Difference between revisions of "Fayette County (Pennsylvania, USA)"

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[[Category:Counties/Regional Governments in Pennsylvania]]
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[[CategirtLCiybtues/Regional Governments in the United States]]
[[Category:Counties/Regional Governments in the United States]]

Latest revision as of 18:48, 5 March 2021

Fayette County, Pennsylvania U.S. Census TIGER/Line map

There are no official church records known to be in existence for the first one hundred years of the Mennonite settlement in northern Fayette County, Pennsylvania. Land was acquired in this western Pennsylvania county by four Mennonite families in 1789-1791. The first minister and bishop was Abraham Stauffer, who came from Lancaster County, Pennsylvania, and in 1790 purchased 278 acres of land in Tyrone Township, Fayette County. Early settlers came from Lancaster County and Washington County, Maryland.

Tradition states that the first meetinghouse, about one mile west of Pennsville, was erected before 1800. Rebuilt in 1852, it served almost continuously until membership dwindled and after 1903 it was no longer used. Throughout most of its existence the congregation held biweekly meetings. It alternated with the Stonerville meetinghouse five miles across Jacobs Creek in Westmoreland County. The Pennsville meetinghouse and burying ground became property of the Scottdale congregation (formerly Stonerville and Pennsville) which in 1903 authorized the disposal of the property. Throughout its existence the Pennsville membership was one with the Stonerville congregation and the combined memberships numbered at most 200.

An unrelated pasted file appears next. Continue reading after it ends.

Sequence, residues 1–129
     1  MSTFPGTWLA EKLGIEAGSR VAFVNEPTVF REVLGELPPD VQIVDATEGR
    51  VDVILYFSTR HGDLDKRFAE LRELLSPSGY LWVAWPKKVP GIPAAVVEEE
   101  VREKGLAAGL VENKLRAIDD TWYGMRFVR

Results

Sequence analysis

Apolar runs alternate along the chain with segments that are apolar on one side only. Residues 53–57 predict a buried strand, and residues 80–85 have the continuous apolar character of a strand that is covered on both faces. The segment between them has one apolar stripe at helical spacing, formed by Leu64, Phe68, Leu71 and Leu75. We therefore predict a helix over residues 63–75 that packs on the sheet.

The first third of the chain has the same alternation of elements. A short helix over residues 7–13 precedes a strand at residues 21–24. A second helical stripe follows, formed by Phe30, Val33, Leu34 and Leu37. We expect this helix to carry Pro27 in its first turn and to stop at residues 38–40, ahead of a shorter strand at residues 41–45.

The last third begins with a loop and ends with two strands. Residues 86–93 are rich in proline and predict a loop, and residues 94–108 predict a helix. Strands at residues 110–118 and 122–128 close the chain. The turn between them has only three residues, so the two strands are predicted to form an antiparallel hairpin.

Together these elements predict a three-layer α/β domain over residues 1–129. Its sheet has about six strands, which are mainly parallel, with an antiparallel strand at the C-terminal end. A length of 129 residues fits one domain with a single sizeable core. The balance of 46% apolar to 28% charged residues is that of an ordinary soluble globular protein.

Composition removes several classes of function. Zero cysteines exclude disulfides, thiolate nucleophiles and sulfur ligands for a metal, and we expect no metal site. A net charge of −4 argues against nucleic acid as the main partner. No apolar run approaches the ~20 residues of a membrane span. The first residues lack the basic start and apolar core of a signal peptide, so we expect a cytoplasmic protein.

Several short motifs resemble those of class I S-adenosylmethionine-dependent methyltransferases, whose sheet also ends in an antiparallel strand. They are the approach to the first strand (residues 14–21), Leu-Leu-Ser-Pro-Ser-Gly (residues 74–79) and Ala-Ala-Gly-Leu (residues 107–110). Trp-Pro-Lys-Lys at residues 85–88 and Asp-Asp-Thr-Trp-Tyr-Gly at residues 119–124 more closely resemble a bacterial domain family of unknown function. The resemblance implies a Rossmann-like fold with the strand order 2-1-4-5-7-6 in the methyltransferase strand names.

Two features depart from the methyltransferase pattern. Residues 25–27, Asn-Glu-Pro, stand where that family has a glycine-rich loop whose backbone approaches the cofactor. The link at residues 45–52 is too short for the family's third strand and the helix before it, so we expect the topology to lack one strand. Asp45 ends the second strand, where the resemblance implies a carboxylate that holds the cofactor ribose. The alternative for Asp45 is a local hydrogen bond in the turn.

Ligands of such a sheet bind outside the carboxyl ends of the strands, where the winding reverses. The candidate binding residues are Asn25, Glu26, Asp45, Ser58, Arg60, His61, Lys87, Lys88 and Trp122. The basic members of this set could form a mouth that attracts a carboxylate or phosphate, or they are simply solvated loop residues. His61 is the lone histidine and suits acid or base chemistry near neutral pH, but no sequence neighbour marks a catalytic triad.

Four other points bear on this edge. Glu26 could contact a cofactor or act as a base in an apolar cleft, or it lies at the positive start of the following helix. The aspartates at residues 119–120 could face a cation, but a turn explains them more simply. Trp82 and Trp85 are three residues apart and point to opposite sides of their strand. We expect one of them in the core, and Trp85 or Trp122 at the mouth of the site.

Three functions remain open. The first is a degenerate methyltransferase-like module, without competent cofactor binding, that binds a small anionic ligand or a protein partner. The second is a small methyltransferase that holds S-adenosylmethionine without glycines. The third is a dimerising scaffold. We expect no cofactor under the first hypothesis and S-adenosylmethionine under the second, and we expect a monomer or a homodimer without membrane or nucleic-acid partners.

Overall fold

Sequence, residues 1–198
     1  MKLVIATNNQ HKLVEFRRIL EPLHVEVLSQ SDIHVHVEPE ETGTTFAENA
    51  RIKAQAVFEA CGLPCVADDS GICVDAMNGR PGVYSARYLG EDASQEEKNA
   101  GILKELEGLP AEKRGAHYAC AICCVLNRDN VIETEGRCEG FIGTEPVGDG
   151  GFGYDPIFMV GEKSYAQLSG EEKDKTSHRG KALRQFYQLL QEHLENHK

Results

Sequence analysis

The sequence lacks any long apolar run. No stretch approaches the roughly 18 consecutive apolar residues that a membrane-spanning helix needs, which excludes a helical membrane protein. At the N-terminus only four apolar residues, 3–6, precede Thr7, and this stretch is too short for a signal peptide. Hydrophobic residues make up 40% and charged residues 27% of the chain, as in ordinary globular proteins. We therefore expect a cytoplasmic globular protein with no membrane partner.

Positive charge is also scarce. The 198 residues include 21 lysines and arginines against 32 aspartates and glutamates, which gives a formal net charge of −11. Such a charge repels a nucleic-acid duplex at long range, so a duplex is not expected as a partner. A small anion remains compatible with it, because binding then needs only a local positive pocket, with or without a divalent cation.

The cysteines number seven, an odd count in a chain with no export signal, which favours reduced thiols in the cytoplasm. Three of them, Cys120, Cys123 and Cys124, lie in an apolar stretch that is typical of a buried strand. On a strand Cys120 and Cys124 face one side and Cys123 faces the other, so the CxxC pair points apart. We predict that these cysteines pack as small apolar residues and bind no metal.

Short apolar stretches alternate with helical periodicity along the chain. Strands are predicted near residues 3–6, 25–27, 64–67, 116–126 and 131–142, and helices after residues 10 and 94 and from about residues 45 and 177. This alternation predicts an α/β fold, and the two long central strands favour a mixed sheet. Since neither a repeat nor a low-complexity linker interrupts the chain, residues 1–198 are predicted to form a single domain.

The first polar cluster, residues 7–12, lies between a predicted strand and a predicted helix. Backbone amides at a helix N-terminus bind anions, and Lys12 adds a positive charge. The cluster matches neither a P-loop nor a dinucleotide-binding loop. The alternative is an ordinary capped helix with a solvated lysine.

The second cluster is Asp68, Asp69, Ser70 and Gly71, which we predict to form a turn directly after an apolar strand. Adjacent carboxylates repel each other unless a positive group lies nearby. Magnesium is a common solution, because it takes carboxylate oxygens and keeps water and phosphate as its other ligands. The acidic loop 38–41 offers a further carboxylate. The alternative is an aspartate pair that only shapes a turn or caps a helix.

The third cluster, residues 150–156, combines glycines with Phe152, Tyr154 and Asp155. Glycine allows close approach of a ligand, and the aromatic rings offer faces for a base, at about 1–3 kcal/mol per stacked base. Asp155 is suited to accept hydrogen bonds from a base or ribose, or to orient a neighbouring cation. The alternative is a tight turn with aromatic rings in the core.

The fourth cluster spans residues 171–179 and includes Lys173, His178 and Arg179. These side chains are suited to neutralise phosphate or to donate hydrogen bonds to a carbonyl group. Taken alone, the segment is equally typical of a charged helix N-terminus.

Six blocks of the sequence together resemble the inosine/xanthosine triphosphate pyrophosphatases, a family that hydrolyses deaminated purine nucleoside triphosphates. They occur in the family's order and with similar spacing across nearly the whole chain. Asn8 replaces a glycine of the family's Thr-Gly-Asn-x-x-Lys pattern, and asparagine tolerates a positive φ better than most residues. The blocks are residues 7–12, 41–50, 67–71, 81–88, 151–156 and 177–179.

After 1850 a decline set in and by another 50 years the combined membership at the two meetinghouses had declined to 20 persons or less. However, later years witnessed a growth and revival in the Scottdale congregation as it became the congregational center of the church's publishing plant. Aaron Loucks played a leading role in this work.

It is believed that the Masontown Mennonite Church in southern Fayette County, Pennsylvania, was the second oldest Mennonite congregation west of the Alleghenies. Settlers came from eastern Pennsylvania before 1800 and perhaps as early as 1790. They were the Longeneckers, Johnsons, Bixlers, Fretzes, Honsakers, Saylors, and Leckrones.

What is thought to have been the first Mennonite Sunday school in the United States was held here in 1842 when Bishop Nicholas Johnson began teaching the Bible to children of this church. In 1872 John F. Funk and Daniel Brenneman held revival meetings for four weeks. These meetings were among the first, if not the first, revival meetings in the Mennonite Church. J. N. Durr was an important leader in the congregation for many years. The 1954 membership of the congregation was 112.

In 1951 the Kingview Mennonite Church was built in East Scottdale in Fayette County, the outgrowth of extension work that began in this territory in 1906.

Author(s) Grant M Stoltzfus
Date Published 1956

Cite This Article

MLA style

Stoltzfus, Grant M. "Fayette County (Pennsylvania, USA)." Global Anabaptist Mennonite Encyclopedia Online. 1956. Web. 6 Jul 2022. https://gameo.org/index.php?title=Fayette_County_(Pennsylvania,_USA)&oldid=170466.

APA style

Stoltzfus, Grant M. (1956). Fayette County (Pennsylvania, USA). Global Anabaptist Mennonite Encyclopedia Online. Retrieved 6 July 2022, from https://gameo.org/index.php?title=Fayette_County_(Pennsylvania,_USA)&oldid=170466.


Adapted by permission of Herald Press, Harrisonburg, Virginia, from Mennonite Encyclopedia, Vol. 2, p. 318. All rights reserved.

©1996-2022 by the Global Anabaptist Mennonite Encyclopedia Online. All rights reserved.